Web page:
Rabu, 3 Disember 2008

US stocks rise on bargain hunting, oil skids

**Apa sangat la citer ni kan? Pada sesetengah orang ia sesuatu yang gumbira.. Ada pula yang "thrill". Dan ada langsung tak kisah pun. Don't Be Sorry and Not Too Worry...**

NEW YORK: US stocks snapped back on Tuesday, a day after a massive sell-off, as investors scooped up beaten-down shares and oil fell more than 4

percent after an OPEC pledge to cut output was only partially fulfilled.

Fear of a prolonged global recession also helped drive down both crude prices and the yield on US government debt, which hovered near record lows last seen more than five decades ago.

But rising stocks encouraged investors to emerge from the perceived shelter of US assets, leading the US dollar to fall against the euro and a basket of currencies.

Equity markets continued to drive investor sentiment even as the focus remained on bargain hunting in the shares of financial services and energy companies.

News on Monday that the United States has been in a recession since last December added to fears the global economy is in the throes of a deepening and protracted downturn.

"Fears of a deep global recession continue to linger over the markets like a dark cloud as traders try to ascertain not only the deepness of the slowdown but how long it will take for the recovery to take hold," said Chris Jarvis, senior analyst at Caprock Risk Management in Hampton Falls, New Hampshire.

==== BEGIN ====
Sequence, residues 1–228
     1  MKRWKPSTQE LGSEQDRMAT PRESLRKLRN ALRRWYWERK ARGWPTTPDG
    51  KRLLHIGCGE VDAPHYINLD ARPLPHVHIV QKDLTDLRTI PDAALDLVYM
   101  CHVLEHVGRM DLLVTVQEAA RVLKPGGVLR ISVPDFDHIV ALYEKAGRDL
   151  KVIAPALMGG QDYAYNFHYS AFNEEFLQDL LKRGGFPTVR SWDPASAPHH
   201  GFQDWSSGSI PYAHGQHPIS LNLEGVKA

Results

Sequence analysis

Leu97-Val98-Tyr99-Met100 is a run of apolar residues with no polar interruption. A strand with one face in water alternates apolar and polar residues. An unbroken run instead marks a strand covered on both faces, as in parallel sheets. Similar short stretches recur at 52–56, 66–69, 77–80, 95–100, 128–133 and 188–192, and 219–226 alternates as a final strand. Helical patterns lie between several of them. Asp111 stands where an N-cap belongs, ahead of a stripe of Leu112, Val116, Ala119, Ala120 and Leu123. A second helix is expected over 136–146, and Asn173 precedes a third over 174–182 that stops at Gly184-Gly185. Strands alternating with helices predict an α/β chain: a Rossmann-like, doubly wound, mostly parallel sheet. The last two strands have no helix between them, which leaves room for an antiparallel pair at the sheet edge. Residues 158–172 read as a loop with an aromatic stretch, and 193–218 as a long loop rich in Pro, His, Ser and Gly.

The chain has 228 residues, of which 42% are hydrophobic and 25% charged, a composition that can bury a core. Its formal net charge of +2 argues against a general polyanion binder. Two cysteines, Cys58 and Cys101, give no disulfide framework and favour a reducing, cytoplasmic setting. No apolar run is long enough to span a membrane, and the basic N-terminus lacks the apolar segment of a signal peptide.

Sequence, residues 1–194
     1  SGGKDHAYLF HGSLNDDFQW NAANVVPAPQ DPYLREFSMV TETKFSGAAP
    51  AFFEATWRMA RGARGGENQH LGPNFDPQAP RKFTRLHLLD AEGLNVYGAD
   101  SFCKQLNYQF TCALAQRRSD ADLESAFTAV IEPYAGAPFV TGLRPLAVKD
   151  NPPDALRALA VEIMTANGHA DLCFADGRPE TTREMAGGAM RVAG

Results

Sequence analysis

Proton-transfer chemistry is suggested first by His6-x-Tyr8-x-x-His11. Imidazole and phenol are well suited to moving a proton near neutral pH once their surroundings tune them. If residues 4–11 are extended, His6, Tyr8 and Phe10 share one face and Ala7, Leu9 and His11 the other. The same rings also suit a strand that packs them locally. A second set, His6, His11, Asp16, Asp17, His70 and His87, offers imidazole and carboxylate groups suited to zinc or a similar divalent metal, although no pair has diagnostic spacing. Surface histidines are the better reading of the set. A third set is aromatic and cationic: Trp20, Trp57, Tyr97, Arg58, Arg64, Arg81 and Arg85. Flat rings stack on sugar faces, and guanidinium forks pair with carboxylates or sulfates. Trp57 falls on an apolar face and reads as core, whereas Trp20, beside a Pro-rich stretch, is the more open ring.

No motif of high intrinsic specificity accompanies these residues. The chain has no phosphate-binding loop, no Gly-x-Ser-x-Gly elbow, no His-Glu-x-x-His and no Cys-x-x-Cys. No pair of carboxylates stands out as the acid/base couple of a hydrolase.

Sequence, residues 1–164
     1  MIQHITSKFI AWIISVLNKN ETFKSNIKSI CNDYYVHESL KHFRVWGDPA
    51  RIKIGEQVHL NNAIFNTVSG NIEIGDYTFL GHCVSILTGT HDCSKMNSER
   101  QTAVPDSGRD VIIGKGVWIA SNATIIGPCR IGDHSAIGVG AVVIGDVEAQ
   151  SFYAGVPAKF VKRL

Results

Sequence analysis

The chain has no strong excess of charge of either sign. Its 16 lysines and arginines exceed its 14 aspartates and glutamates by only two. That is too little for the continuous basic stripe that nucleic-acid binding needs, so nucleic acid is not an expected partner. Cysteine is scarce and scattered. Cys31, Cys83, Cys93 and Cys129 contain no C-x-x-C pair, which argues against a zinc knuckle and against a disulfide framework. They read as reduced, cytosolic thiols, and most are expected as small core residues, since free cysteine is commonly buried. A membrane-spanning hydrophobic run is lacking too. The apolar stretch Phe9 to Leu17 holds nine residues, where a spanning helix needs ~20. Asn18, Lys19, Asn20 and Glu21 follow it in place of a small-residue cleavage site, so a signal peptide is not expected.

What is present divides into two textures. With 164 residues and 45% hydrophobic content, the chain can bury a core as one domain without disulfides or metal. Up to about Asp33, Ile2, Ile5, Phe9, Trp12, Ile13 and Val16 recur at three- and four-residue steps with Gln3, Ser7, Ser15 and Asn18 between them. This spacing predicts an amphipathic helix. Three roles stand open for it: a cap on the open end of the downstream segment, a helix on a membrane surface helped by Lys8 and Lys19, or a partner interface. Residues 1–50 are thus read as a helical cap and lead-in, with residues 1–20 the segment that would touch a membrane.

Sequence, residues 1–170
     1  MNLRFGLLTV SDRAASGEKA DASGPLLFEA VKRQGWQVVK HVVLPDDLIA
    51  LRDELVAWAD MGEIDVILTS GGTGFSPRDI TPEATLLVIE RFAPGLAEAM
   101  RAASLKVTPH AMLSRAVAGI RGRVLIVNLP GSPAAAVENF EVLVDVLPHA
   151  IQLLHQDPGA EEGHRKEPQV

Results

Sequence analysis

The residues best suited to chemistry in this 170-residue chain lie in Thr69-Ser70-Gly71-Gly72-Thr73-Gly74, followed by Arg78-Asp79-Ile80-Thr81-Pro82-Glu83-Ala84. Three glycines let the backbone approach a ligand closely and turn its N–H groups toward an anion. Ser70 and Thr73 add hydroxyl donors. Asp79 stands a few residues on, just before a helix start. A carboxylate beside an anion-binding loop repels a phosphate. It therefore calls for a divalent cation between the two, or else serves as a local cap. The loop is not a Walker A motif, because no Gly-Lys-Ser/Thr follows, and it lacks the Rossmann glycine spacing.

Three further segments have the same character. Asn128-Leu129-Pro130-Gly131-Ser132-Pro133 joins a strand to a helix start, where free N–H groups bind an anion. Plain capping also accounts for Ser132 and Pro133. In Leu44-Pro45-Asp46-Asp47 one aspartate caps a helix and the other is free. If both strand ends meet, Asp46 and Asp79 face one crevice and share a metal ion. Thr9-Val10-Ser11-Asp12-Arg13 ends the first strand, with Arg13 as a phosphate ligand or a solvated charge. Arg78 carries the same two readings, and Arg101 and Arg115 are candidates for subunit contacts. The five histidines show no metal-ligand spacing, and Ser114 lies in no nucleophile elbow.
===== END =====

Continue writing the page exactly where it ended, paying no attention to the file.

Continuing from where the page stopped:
In such a scenario, Jarvis said, "crude oil remains on its slippery slope, looking for direction and a bottom as is the case with the majority of the asset classes."

Financial stocks surged on Wall Street after suffering their worst one-day loss on record on Monday. Federal Reserve Chairman Ben Bernanke signaled on Monday that policy-makers were determined to stabilize the economy and markets.

The S&P Financial Index rose almost 8 percent.

Energy stocks, currently the cheapest S&P sector in relation to earnings, rebounded despite the dip in oil prices.

Shares of General Electric shares jumped 13.6 percent as the company pledged to leave its dividend intact in a tough economy, even though GE said it expects profit in the fourth quarter to come in at the low end of a prior forecast.

"There's been concern about GE defending its triple-A credit rating at its financing unit. ... The company is taking steps to bolster that unit, which will help protect its dividend," said Brian Gendreau, an investment strategist in New York for ING Investment Management Americas. "This is helping to pull the market higher."

The jump in GE shares marked the biggest one-day gain for the stock since at least 1981. The stock's dividend based on Monday's closing stock price is yielding 8 percent.

The Dow Jones industrial average closed up 270.00 points, or 3.31 percent, at 8,419.09. The Standard & Poor's 500 Index rose 32.60 points, or 3.99 percent, at 848.81. The Nasdaq Composite Index climbed 51.73 points, or 3.70 percent, at 1,449.80.

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